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Last updated on April 17, 2014 at 15:37 EDT

Latest Reprogramming Stories

2011-01-04 09:15:00

(Ivanhoe Newswire) -- We're all familiar with the saying, "Ëœyou are what you eat.'  That is true, however, it was recently reported that we are also what our parents ate too. Researchers shed light on an emerging idea showing mice sired by fathers fed on a low-protein diet demonstrate various and reproducible changes in the activity of chief metabolic genes in their livers.  Those changes "“ despite the fact that the fathers never saw their offspring and spent...

2010-08-05 16:33:21

Next-generation reprogramming of native cells offers therapeutic advantages Scientists at the Gladstone Institute of Cardiovascular Disease (GICD) have found a new way to make beating heart cells from the body's own cells that could help regenerate damaged hearts. Over 5 million Americans suffer from heart failure because the heart has virtually no ability to repair itself after a heart attack. Only 2,000 hearts become available for heart transplant annually in the United States, leaving...

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2010-06-30 06:37:19

TAU develops method for tracking adult stem cells as they regress Cell reprogramming calls The Curious Case of Benjamin Button to mind. It's a new technology that uses molecular therapy to coax adult cells to revert to an embryonic stem cell-like state, allowing scientists to later re-differentiate these cells into specific types with the potential to treat heart attacks or diseases such as Parkinson's. But at this point in the technology's development, only one percent of cells are...

2010-04-21 09:18:28

Scientists at the Genome Institute of Singapore (GIS) have recently generated significant single cell expression data crucial for a detailed molecular understanding of mammalian development from fertilization to embryo implantation, a process known as the preimplantation period. The knowledge gained has a direct impact on clinical applications in the areas of regenerative medicine and assisted reproduction. This study, published in Developmental Cell on April 20, 2010, is the first of its...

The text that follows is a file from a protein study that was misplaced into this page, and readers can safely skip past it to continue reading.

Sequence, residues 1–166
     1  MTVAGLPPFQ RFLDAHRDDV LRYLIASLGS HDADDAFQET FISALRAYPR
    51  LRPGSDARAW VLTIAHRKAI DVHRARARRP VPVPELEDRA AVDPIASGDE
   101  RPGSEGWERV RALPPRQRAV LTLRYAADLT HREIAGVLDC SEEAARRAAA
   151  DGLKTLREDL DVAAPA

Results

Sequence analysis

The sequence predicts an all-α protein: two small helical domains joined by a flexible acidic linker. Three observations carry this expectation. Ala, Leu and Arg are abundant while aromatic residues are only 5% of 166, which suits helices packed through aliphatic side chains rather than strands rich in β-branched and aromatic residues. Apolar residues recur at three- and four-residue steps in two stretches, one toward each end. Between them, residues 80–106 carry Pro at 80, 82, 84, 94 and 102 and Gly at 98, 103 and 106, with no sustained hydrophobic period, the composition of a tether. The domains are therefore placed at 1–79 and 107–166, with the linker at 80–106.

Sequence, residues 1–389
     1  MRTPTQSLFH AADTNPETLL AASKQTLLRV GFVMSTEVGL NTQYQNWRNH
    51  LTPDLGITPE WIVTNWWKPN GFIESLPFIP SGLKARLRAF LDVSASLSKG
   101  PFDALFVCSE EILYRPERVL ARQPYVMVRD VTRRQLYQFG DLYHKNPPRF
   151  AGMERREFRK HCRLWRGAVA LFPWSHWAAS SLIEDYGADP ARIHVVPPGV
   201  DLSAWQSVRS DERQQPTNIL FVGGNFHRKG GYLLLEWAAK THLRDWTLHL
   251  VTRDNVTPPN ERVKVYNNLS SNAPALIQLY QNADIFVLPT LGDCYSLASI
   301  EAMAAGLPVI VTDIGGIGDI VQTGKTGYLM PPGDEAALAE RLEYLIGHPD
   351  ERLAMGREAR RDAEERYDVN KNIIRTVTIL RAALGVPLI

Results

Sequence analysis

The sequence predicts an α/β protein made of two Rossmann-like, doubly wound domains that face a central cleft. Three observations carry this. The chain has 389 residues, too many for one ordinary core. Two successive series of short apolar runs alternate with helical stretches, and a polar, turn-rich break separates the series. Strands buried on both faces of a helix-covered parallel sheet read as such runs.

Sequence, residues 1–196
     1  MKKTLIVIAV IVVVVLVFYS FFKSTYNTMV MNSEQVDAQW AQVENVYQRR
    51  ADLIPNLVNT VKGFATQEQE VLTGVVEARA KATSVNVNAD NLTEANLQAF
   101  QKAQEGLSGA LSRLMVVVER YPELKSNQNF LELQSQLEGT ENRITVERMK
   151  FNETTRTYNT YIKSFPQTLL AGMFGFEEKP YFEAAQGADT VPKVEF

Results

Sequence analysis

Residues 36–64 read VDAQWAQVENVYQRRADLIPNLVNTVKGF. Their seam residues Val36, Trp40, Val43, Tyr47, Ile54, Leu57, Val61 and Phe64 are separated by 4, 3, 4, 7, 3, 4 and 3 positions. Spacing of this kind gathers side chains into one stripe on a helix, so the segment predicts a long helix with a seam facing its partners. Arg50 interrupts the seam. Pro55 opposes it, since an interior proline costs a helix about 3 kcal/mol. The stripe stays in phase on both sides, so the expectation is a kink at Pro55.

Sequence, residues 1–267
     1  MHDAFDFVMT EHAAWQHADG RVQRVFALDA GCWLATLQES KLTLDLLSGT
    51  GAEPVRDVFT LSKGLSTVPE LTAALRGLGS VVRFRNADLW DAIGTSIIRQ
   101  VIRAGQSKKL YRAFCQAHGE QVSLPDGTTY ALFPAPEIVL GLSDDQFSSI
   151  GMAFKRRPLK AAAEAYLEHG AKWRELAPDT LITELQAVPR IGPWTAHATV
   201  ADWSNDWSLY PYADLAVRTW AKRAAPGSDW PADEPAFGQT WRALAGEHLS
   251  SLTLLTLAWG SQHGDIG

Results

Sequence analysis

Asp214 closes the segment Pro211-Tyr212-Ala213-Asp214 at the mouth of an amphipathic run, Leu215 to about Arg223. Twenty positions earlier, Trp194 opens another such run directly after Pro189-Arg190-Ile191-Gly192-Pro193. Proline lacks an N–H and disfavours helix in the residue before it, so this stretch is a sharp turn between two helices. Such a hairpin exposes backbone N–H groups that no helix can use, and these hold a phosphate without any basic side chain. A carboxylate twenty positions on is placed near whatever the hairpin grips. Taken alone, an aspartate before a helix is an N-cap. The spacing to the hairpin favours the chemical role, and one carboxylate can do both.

2010-04-05 14:40:44

Multipotent stem cells have the capacity to develop into different types of cells by reprogramming their DNA to turn on different combinations of genes, a process called "differentiation." In a new study, researchers from the Carnegie Institution for Science have found that reprogramming is imperfect in the early stages of differentiation, with some genes turned on and off at random. As cell divisions continue, the stability of the differentiation process increases by a factor of 100. The...

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2010-03-15 10:45:00

Groundbreaking stem cell researcher Rudolf Jaenisch has been named the "hottest" researcher in the world, topping a list released Monday by Thomson Reuters' Science Watch. Jaenisch, who was born in Wölfelsgrund, Germany in 1942, is a biochemistry professor at MIT's Whitehead Institute for Biomedical Research and an expert in the field of transgenics. According to a Thomson Reuters press release, "his research investigates reprogrammed fibroblast cells in models of Parkinson's disease,...

2010-02-04 07:00:00

SAN DIEGO, Feb. 4 /PRNewswire/ -- Fate Therapeutics, Inc. received a Notice of Allowance from the United States Patent and Trademark Office for U.S. Patent Application Number 10/997,146 entitled "Methods for Reprogramming Somatic Cells." Upon issuance, the patent will cover foundational induced pluripotent stem cell (iPSC) technology for identifying agents that enable the reprogramming of human somatic cells, including pluripotency genes, small molecules and biologics. The invention by...

2010-02-03 16:48:09

Increasing numbers of research studies clearly demonstrate that genetics alone cannot explain the diversity of living organisms, reports Genetic Engineering & Biotechnology News (GEN). Also driving the development of such complexity is epigenetics, and the February 1 issue of GEN contains three articles that illustrate the growing recognition of the importance of this emerging field of study. "Scientists have shown that non-DNA-sequence-changing epigenetic phenomena such as histone...

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2010-01-07 08:28:06

The DNA contained within each of our cells is exactly the same, yet different types of cells "“ skin cells, heart cells, brain cells "“ perform very different functions. The ultimate fate of these cells is encoded not just in the DNA, but in a specific pattern of chemical modifications that overlay the DNA structure. These modifications, or epigenetic markers as they are called, are stably carried in our genomes -- except for at times when the cells change their fate, such as what...

2009-11-05 12:54:04

The same genes that are chemically altered during normal cell differentiation, as well as when normal cells become cancer cells, are also changed in stem cells that scientists derive from adult cells, according to new research from Johns Hopkins and Harvard. Although genetically identical to the mature body cells from which they are derived, induced pluripotent stem cells (iPSCs) are notably special in their ability to self-renew and differentiate into all kinds of cells. And now scientists...